2. Constant whining and really rude behavior. He will say "I want milk" in a whining voice, instead of "may I please have some milk?" For goodness sake, my 3 yo gets it that she gets more bees with honey than with vinegar, yet I can't get my 6 yo to understand this. My answer is "No, not until you ask nicely" or "I don't understand whine." Then he will rephrase, but literally 15 seconds later he starts up again. AAARRGGGGHHHHH!

3. He choses not to hear me. I ask him to come and do something, like put his plate in the dishwasher after dinner, and he ignores me. So I have to repeat myself 2 or 3 times, and end up raising my voice out of frustration. Funny how I can ask if he wants ice cream and he can instantly hear me and come running, but I ask something he is not interested in, then he ignores me. If I say "did you hear me" or "what did I say" he just says "I don't know." Repeat multiple times a day. UGh. I feel like pulling my hair out! I'd love to do a natural consequence here, but I don't know what that is if he doesn't put on his coat or put his dish in the dishwasher.

4. Playing with food. For example putting carrots sticks out of his mouth as fangs or flopping his lettuce around and shredding it to bits. We have been casual about food, and maybe that is the problem; because I can see the grey area between a one time joke and gross behavior, but maybe he can not? So I ask him to stop. He continues. I ask again, raising my voice. But when I think, what is the natural consequences - him not eating, I don't want to do that. I mean, if he is playing with chocolate and ice cream, taking it away is logical. But over carrots, broccoli, lettuce - I'd rather let him eat it. Hmm, I realize as I write this that he never plays with ice cream.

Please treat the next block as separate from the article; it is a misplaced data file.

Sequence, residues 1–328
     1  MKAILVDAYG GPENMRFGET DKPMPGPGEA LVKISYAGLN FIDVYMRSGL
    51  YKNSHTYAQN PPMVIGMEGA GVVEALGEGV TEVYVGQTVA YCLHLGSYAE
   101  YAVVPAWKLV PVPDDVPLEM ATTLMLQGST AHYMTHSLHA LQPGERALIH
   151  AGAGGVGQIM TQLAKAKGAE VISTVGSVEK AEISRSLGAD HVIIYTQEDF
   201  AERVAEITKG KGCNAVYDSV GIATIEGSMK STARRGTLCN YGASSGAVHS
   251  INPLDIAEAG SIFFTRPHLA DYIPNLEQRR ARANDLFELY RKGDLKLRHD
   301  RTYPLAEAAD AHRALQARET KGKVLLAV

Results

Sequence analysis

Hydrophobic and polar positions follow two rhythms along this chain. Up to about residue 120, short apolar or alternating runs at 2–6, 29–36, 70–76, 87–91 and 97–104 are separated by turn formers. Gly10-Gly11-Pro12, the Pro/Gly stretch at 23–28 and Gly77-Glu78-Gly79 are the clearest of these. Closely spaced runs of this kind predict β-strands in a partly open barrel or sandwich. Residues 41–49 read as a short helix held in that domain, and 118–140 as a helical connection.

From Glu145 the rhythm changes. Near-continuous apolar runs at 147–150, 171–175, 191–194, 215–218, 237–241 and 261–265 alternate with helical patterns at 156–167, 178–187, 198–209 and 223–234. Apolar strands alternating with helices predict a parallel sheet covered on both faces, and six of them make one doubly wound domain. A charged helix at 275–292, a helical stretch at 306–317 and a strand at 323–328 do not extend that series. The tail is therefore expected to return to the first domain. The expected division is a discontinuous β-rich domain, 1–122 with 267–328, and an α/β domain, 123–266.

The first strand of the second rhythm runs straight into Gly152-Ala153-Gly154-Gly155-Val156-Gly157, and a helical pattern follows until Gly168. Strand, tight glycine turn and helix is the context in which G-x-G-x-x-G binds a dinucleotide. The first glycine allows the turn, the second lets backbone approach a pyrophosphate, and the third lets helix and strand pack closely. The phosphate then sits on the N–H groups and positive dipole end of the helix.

My little boy is growing up, and that is fine. But I want him to have common curtsey and respect for others, and I am just not seeing it. And my methods are not working, because nothing is sinking in.

Have you read "Love and Logic"? I was going through so much of this with DD until I read the original book, I believe it was the original one. Thank god I did, I felt angry at DD almost all the time! Which I then felt guilty about. Any way, we do much better now. I address the behavior easily and it ends there. Though these instances are rare now, luckily.

Here is an example.

DD: I don't want to pick up my toys, AAAAAAAAAAAAAAAAAAAAHHHHHHHHHHHHHH!!!!!!!!!!!!

Me: It's your choice sweetie, but remember Mama keeps the toys that Mama picks up. I love you either way.